Junk food taxes are on the horizon

Foodservice companies should prepare for more intervention on market pricing as the government looks to bring obesity under control. Taxes on unhealthy foods like burgers and pizzas could put some operators out of business and “create huge growth for others”.

The warning comes from David Read, chairman of Prestige Purchasing. He believes that a “new strategy is emerging” from Westminster – years of nutrition policy confined to guidance and labelling strategies is giving way to legislation and taxation to increase the pricing of unhealthy products.

The sugar tax on soft drinks and minimum pricing for alcohol (in Scotland) could be just the start, he noted in the company’s 2017 food and drink inflation report.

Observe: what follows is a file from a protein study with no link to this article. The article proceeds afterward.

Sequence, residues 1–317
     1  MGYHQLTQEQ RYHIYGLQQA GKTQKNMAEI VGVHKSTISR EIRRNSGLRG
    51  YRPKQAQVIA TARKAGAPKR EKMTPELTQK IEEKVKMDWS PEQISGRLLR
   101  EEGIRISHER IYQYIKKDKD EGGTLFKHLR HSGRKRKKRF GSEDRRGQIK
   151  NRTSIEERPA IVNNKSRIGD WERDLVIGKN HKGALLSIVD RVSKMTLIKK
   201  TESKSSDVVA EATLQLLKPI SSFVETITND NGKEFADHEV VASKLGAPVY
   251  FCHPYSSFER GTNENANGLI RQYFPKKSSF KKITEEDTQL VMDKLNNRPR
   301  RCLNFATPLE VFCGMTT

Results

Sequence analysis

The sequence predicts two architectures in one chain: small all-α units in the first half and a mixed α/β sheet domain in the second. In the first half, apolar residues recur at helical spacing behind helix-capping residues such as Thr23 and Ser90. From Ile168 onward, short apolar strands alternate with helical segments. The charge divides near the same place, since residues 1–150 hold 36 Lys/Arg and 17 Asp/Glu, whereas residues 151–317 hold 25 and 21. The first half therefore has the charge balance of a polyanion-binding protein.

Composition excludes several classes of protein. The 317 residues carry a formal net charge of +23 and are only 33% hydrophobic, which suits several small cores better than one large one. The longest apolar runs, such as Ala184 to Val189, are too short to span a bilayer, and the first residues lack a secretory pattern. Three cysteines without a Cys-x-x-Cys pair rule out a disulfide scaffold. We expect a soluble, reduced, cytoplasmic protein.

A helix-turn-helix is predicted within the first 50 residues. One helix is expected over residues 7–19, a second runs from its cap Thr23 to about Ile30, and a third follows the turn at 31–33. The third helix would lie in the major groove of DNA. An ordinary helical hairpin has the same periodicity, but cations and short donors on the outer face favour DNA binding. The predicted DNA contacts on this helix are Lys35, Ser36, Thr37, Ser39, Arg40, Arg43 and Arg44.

“If/when these are successful in driving down consumption of unhealthy foods (Coca Cola have reformulated an entire range and indicated that only Coke Classic will incur sugar tax) we can expect [the government] to pursue other products with a similar plan. In the firing line will almost certainly be burgers, fries, pizza, sandwiches and crisps to name but a few.”

This will spell bad news for some businesses but others will thrive, Read added. “The intention will be to regulate consumption by intervening in market pricing. To be successful it will need to make unhealthy products less attractive than healthy ones. At best this will mean some dramatic changes to ranging in our sector. At its most extreme it could put some operators out of business, and create huge growth for others.”

Prestige also reported that food and drink inflation in foodservice has peaked. The drop in value of the pound has driven up prices, with inflation reaching 9.3% in August. Year-on-year it was 5.8%.

However, come the end of 2018 the sector will be looking at a rate of 3.4% year-on-year, Prestige noted in the report produced with CGA.

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